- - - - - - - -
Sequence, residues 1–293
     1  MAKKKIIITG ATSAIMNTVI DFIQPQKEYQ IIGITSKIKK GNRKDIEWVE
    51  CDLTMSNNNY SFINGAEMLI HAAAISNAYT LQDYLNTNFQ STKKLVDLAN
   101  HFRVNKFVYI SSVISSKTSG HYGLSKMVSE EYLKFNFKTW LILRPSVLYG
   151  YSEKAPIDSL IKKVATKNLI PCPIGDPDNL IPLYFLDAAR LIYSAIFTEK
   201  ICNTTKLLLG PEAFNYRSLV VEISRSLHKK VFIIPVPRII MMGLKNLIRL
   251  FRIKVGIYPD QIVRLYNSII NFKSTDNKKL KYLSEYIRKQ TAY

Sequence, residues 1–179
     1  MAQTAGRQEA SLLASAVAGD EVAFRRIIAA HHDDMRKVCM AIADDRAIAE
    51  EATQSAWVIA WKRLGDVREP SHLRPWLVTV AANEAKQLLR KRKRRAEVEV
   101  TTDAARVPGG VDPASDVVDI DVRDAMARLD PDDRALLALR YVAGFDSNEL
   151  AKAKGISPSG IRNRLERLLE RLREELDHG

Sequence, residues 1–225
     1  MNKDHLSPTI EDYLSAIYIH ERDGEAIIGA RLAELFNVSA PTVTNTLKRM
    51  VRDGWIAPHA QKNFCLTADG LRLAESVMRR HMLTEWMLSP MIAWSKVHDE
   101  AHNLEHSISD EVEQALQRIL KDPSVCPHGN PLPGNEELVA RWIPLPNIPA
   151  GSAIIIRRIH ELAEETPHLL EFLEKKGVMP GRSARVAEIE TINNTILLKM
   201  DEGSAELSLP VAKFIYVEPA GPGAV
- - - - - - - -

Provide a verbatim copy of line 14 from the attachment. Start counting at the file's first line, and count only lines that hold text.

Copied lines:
     1  MNKDHLSPTI EDYLSAIYIH ERDGEAIIGA RLAELFNVSA PTVTNTLKRM